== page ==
Dietary Exposure of Thais to Pesticides During 1989–1996
Abstract:To monitor the exposure of the Thai to pesticide residues in foods, the intake of pesticides based on the total diet approach has been studied in Thailand continually since 1989. Food items were chosen and their proportions of daily consumption were calculated from the national food consumption survey conducted by the Department of Health in 1986. Seventy-seven items of food including drinking water were classified into 12 groups according to their sources of contamination and the analytical methods used. Shopping lists and standard procedures for collecting samples and cooking were developed. Twelve food composites from each of the 4 regions were analyzed for nearly 100 pesticides. All analyses used multiresidue analytical methods, and the total daily dietary intakes of pesticide residues were estimated from the average amount of food consumed by Thais. Among 24 pesticides found in the 8 year study, DDT, dimethoate, methamidophos, and parathion methyl were found every year. However, dietary intakes of all pesticides were far below the established acceptable daily intake. In 1999, the study methodology was redesigned to accommodate the new national food consumption survey data.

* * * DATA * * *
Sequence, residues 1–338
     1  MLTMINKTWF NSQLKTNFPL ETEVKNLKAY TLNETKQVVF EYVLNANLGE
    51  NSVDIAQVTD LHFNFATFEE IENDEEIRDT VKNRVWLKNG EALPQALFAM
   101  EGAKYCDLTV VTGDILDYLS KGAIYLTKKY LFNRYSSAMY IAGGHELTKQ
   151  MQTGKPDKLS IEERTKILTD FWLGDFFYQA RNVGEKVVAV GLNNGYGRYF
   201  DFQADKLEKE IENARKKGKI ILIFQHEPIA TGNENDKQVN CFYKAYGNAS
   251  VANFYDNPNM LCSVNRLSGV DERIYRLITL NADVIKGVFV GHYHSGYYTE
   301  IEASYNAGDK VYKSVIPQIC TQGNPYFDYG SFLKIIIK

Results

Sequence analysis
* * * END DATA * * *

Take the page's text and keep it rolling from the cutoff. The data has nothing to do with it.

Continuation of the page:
Document Type: Research Article
Affiliations: Ministry of Public Health, Department of Medical Sciences, Nonthaburi 11000, Thailand.
Publication date: 2002-01-01
More about this publication?
- The Journal of AOAC INTERNATIONAL publishes refereed papers and reviews in the fields of chemical, biological and toxicological analytical chemistry for the purpose of showcasing the most precise, accurate and sensitive methods for analysis of foods, food additives, supplements and contaminants, cosmetics, drugs, toxins, hazardous substances, pesticides, feeds, fertilizers and the environment available at that point in time. The scope of the Journal includes unpublished original research describing new analytical methods, techniques and applications; improved approaches to sampling, both in the field and the laboratory; better methods of preparing samples for analysis; collaborative studies substantiating the performance of a given method; statistical techniques for evaluating data. The Journal will also publish other articles of general interest to its audience, e.g., technical communications; cautionary notes; comments on techniques, apparatus, and reagents.
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